The hacking collective Anonymous has breached the Thai immigration department’s network and ridiculed Thai government security for poor security practices after disclosing that over 700 official accounts leaked used “1234” as their password.
The collective has stepped up its attack to protest the government’s Single Gateway mass surveillance program and the Computer Crime Law. On Monday, the group had defaced the websites of the Ministry of Public Health, the Greenhouse Gas Organization, Ministry of Labour, army academy, army medical and aquaculture research and development, as well as at least four local government websites.
The Anonymous attacks have been going on since the new-year holiday season, to include the Thai consulate website in Los Angeles being hacked and defaced, and personal information (supposedly of people applying for Thailand visas) doxxed. The hackers also leaked personal data from a Ministry of Foreign Affairs database. Various other government and police websites were taken down or defaced.
After the first wave of attacks, the military claimed it had arrested the hacker – complete with drugs and guns and a book on network security – and have since handed three more hackers to the police for prosecution. However, while attacks continued, local media quickly forgot about the attacks.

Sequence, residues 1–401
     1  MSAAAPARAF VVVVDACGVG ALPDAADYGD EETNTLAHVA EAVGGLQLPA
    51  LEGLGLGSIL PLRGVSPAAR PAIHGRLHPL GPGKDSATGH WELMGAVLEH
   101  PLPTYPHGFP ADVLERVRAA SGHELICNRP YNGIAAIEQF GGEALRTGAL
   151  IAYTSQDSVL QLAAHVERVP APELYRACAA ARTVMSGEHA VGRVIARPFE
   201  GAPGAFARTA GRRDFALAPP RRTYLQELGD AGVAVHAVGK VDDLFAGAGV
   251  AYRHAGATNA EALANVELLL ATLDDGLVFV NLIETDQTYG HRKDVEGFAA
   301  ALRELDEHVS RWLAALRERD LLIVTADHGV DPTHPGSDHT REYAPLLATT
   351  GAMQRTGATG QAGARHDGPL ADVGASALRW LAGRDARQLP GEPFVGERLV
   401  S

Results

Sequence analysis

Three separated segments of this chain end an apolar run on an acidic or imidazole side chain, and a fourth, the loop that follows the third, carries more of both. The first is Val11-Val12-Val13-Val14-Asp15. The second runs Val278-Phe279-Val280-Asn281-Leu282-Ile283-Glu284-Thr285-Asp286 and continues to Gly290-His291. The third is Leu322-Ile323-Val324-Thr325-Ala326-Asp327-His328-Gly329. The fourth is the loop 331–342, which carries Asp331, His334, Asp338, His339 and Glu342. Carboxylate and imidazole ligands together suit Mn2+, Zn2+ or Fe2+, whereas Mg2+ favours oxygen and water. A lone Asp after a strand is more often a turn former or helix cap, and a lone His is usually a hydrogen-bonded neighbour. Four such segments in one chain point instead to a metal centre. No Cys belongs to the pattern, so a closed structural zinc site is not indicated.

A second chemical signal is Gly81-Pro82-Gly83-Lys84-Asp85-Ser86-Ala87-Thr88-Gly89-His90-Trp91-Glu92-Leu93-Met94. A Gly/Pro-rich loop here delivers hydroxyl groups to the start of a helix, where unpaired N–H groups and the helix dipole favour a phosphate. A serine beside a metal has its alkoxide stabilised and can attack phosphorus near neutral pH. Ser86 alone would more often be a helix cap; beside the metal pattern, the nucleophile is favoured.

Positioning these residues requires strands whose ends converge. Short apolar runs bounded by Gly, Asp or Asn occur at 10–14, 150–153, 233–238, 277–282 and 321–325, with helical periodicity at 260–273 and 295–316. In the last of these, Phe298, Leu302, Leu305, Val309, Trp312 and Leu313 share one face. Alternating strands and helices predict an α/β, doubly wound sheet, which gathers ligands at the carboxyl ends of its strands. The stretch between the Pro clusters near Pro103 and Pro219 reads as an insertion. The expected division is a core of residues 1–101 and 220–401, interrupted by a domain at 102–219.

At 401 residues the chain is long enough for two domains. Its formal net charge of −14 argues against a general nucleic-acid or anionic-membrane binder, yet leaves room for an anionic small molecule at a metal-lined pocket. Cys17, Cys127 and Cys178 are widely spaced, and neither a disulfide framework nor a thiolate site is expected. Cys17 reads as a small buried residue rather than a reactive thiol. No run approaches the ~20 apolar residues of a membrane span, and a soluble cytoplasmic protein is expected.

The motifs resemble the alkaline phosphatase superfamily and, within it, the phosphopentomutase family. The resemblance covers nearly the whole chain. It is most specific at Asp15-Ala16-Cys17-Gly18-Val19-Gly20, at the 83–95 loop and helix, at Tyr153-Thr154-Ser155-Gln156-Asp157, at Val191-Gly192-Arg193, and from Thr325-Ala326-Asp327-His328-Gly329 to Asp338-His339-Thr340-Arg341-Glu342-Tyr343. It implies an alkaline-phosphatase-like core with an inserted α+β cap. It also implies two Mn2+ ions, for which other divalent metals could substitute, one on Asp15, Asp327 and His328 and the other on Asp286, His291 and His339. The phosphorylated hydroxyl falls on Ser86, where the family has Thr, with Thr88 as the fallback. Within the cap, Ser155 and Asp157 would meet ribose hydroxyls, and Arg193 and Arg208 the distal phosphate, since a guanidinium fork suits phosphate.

What is different this time is that the accounts promoting the attacks are not the usual suspects, suggesting that Anonymous have upped their game and called in the big players.
The Thai government has not yet commented on the new wave of attacks at the time of going to press.
The contentious Computer Crime Act, among other things, criminalizes possession of illegal information, and greatly expands the power of the Digital Economy Ministry to evaluate otherwise legal content for immorality, and either order service providers to delete the content or delete it themselves.